They also had a number of other hits, including "With a Girl Like You" (a UK number 1 in July 1966, US number 29), "I Can't Control Myself" (a UK number 2 in September 1966; their first UK single release on the Page One label, POF 001; this was also their second and final dual-label release in the US, with Fontana retaining the rights to all subsequent releases),[7] "Anyway That You Want Me" (UK number 10 in December 1966), all at Olympic Studios, " Give It To Me" (UK No.12 1967), "Night of the Long Grass" (UK number 17 in May 1967), "Love Is All Around" (UK number 5 in November 1967 and US number 7 in May 1968) plus "Hi Hi Hazel" (UK No.42, 1967) . With chart success later eluding the band, they split up in March 1969.[1] Ronnie Bond was the first to release a solo record, with the "Anything For You" single in March 1969, followed in April by Reg Presley with "Lucinda Lee". Chris Britton released a solo album, As I Am, the same year. The band reformed later that year, with former Plastic Penny bassist Tony Murray replacing Staples, and in 1974, after a spell on Pye Records, in an attempt to re-create their 1960s successes, the Troggs re-united with Larry Page, now running Penny Farthing Records. The resulting cover version of the Beach Boys hit "Good Vibrations" did not capture the public's imagination. A reggae version of "Wild Thing" also failed to chart. The band found a sympathetic ear at French label New Rose in the 1980s, the label releasing 1982's Black Bottom LP and 1990's AU.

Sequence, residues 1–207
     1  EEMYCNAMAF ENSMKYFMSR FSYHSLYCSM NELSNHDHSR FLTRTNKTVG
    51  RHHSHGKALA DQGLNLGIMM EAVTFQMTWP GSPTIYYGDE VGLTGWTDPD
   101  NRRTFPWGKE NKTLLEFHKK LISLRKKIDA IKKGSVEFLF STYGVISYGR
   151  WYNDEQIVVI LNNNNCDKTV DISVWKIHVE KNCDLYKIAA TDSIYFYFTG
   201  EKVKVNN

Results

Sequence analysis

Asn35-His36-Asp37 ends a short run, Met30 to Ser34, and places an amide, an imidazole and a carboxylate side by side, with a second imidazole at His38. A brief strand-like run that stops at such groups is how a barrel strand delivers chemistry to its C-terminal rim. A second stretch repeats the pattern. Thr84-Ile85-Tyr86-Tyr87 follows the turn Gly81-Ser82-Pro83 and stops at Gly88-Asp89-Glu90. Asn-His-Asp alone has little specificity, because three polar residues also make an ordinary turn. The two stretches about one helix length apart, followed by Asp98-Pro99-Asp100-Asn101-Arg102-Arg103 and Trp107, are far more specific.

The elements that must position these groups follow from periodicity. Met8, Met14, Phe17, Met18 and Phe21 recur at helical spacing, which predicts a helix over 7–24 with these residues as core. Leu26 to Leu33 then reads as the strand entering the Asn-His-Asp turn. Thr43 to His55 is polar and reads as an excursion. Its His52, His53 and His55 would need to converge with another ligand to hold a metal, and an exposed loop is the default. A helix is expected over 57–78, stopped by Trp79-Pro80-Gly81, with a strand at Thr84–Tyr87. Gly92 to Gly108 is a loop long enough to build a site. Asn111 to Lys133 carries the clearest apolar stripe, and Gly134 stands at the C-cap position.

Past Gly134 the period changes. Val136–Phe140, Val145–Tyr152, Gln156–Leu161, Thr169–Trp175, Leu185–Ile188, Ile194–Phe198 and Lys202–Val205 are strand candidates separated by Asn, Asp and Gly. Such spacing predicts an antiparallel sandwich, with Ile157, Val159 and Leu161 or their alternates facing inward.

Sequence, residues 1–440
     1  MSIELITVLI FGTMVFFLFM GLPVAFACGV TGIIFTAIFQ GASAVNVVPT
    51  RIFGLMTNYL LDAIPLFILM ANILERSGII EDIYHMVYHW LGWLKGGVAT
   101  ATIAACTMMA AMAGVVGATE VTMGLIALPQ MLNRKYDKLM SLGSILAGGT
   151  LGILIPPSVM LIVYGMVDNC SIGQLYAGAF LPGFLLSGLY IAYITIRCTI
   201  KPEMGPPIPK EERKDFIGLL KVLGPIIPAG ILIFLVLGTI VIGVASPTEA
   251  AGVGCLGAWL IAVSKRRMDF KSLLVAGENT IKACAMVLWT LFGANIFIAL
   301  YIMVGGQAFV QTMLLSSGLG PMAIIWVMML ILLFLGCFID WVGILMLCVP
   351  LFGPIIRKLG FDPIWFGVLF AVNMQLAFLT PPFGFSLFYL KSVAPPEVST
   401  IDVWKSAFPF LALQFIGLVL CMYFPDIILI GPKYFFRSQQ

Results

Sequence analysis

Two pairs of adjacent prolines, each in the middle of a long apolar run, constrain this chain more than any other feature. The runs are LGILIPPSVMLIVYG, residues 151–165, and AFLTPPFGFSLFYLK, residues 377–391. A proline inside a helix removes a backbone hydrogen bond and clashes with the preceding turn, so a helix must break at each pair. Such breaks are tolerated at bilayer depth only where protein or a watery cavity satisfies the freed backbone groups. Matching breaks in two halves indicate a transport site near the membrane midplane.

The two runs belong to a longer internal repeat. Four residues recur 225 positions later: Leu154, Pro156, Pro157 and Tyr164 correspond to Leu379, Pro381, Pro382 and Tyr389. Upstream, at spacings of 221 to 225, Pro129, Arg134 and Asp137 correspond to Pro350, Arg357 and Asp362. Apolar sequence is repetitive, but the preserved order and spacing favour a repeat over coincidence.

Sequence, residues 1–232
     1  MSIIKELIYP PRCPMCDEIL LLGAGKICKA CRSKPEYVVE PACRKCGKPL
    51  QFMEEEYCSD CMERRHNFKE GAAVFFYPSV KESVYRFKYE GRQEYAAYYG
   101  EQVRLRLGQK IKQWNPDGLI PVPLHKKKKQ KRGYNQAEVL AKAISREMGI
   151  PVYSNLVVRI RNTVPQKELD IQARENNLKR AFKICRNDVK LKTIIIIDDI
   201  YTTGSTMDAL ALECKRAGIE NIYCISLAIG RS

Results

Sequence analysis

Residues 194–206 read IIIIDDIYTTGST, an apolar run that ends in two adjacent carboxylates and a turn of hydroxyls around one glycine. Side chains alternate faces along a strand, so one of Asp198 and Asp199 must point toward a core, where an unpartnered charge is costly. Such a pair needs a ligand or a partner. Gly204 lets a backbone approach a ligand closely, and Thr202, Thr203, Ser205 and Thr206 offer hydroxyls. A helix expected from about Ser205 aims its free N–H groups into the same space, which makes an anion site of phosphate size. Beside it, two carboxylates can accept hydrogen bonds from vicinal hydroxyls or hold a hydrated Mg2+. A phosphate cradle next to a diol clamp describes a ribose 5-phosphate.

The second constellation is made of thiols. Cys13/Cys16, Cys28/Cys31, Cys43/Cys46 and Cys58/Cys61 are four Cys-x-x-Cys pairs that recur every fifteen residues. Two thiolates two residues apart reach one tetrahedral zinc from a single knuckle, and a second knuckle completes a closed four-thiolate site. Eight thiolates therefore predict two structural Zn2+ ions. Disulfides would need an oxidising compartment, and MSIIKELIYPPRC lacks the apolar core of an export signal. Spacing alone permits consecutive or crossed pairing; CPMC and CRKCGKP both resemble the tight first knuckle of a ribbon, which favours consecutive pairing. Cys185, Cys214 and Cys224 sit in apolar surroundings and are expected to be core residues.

In 1991, they recorded

  • Official website
  • The Troggs Tapes
  • Pete Staples Homepage
  • PUNKCAST#79 live @ World Trade Center Plaza, New York – 24 July 2001. (RealPlayer)

External links

  1. ^ a b c d e Strong, Martin C. (2002). The Great Rock Discography, 6th edn. Canongate.  
  2. ^ [Clayson, Alan and Jacqueline Ryan Rock's Wild Things: The Troggs File (Helter Skelter, 2000)]
  3. ^ Murrells, Joseph (1979). The Book of Golden Discs (2nd ed.). London: Barrie and Jenkins Ltd. pp. 213–214, 232.  
  4. ^ a b Laing, Dave (1985). One chord wonders: power and meaning in punk rock. P.12. Open University Press
  5. ^ Billboard – Google Books. Books.google.com. 1966-07-09. Retrieved 2012-03-26. 
  6. ^ a b c Unterberger, Richie. "The Troggs biography". allmusic.com. Macrovision Corporation. Retrieved 21 March 2008.